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date: 22 September 2018

History of Agriculture in the United States

Summary and Keywords

Agriculture is at the very center suof the human enterprise; its trappings are in evidence all around, yet the agricultural past is an exceptionally distant place from modern America. While the majority of Americans once raised a significant portion of their own food, that ceased to be the case at the beginning of the 20th century. Only a very small portion of the American population today has a personal connection to agriculture. People still must eat, but the process by which food arrives on their plates is less evident than ever. The evolution of that process, with all of its many participants, is the stuff of agricultural history. The task of the agricultural historian is to make that past evident, and usable, for an audience that is divorced from the production of food. People need to know where their food comes from, past and present, and what has gone into the creation of the modern food system.

Keywords: agriculture, history, environment, slavery, gender, frontier, African Americans, agency, women

If the past is a foreign country . . . the rural past is surely a district and little understood subregion, even as farm artifacts, structures, and landscapes promise to teach us a great deal about who we were and how we arrived at today (p. 555).

J. L. Anderson (2017)

Agriculture and Environmental Science

Agricultural history has an intimate connection with environmental science, in that it studies the actions of human beings involved in the single activity that most transformed the landscape. Agriculture, at its most basic, is the growing of plants and the raising of animals specifically for human use. Over the course of millennia, humans, feeding themselves by resorting to agriculture, have transformed the flora and fauna of the lands that now make up the United States. This process did not begin with the European colonists, but with the various tribes living in North America before the Europeans arrived. As historian William Cronon (1983) described in Changes in the Land: Indians, Colonists, and the Ecology of New England, Indian peoples made extensive alterations to the lands on which they lived. New England’s agricultural Indians used fire to drive game out of hiding and to create conditions conducive to hunting. They used fire to clear fields. Native American women also used fields intensively for the cultivation of corn, beans, and squash, and then moved on when they had used up the soil’s fertility. These activities were not confined to New England but were being done throughout North America, wherever agriculture took hold. Even in places where hunting provided most of the food for people, Indians changed the way in which native grasses grew for their own purposes. As Julie Courtwright (2011) demonstrated in Prairie Fire: A Great Plains History, early Great Plains people used fire to control the growth of prairie grasses, improving their chances of successfully hunting buffalo. In the valleys of the Salt and Gila Rivers in the American southwest, Hohokam people constructed a vast network of irrigation canals, some of them miles long, as much 30 feet wide, and up to 10 feet deep (Hurt, 1987). Although their actions were a far cry from those of modern farmers with their tractors, combines, chemicals, and center-pivot irrigation, the human need for food and fiber resulted in the reshaping of environments to fit human purposes. Over time, the means of effecting those changes became far more efficient and destructive, leaving North America fundamentally altered. Whether it is in Alaska, with its 760 farms, or Texas with its 241,500, the most important activity of agriculture is to remove what would have grown without human intervention and replace it with something that can be used or sold, or sometimes both (United States Department of Agriculture, 2017).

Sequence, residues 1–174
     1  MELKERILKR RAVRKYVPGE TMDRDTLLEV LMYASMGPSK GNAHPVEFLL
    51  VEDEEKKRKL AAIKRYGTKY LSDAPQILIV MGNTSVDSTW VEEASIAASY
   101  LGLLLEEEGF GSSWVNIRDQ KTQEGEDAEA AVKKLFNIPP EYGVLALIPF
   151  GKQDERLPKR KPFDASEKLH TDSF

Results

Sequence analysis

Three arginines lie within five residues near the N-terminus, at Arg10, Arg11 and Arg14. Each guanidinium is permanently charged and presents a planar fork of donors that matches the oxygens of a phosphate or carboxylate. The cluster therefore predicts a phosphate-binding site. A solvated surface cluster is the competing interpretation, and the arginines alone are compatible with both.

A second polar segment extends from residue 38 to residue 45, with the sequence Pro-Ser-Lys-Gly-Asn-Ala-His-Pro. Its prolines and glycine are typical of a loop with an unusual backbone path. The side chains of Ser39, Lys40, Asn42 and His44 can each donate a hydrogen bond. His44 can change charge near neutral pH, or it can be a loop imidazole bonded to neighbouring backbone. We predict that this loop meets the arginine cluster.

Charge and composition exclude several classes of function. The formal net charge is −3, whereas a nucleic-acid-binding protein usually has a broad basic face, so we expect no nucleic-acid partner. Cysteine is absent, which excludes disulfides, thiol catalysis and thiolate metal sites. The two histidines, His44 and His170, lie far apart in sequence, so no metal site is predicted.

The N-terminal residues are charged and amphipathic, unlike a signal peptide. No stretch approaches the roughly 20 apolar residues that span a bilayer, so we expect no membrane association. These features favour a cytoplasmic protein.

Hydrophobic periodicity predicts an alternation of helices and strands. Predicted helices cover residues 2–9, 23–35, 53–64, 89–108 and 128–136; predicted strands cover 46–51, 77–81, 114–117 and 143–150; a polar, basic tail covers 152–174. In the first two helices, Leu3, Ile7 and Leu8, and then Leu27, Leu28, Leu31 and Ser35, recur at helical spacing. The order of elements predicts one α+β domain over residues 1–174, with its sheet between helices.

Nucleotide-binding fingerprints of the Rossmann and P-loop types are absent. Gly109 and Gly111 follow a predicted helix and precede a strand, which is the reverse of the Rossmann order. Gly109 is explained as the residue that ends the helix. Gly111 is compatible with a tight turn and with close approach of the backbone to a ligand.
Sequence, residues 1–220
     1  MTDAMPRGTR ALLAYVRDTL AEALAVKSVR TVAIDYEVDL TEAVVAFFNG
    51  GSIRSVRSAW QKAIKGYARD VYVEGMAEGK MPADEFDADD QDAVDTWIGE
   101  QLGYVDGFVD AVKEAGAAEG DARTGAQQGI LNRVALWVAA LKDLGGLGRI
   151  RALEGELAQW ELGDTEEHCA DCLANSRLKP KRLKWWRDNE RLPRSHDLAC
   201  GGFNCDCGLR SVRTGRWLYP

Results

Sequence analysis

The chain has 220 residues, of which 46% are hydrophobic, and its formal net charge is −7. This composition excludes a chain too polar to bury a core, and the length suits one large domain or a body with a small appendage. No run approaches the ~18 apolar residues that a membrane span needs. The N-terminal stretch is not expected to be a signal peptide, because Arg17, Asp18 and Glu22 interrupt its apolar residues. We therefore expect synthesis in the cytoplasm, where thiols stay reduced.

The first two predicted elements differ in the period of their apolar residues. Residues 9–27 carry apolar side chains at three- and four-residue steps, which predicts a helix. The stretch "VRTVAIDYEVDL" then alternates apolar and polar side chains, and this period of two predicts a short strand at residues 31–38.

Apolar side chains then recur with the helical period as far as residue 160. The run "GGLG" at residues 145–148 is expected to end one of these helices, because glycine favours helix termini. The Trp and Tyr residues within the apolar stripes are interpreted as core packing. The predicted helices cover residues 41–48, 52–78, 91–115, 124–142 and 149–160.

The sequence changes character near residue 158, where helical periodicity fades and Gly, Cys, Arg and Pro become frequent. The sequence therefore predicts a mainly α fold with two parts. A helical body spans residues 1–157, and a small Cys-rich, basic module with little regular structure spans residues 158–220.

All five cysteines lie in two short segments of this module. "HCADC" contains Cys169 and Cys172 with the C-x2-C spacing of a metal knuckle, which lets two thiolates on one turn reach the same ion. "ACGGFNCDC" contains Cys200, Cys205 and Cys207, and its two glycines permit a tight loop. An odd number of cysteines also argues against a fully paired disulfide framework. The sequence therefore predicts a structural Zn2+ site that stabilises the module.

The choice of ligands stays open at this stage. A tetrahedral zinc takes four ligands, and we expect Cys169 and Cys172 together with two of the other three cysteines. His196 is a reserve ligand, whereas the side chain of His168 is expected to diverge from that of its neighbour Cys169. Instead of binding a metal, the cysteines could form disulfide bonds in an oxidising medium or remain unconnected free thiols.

The Origins of Agricultural History

How historians have understood this ongoing transformation of land has changed significantly over time. Agricultural history of the United States originated as a field of inquiry in the early 20th century. At that point, historians largely defined it as the study of production agriculture, with a focus on the methods, technology, and economics of growing crops and livestock. These have remained important issues of analysis; however, the field has moved in many directions. Policy questions, such as those concerning the process of land distribution and the involvement of the federal government in agricultural development continue to be central issues. Changing understandings of who a farmer is and the composition of the agricultural household have broadened the discussion to include questions of gender, age, labor, and class. Historians have examined the development of agriculture from its macro connections to world markets to its intimate relationship to local conditions. They have examined the history of crops writ large down to the history of individual commodities, such as bananas, tomatoes, and sugar. One of the most important developments of the late 20th and early 21st centuries was a new vision of agricultural history that acknowledged its interrelationships with other fields, such as the history of science and technology, environmental history, and family and community history. What was at its inception a fairly narrow field has become quite broad and diverse in the understanding of its scope and areas of concern.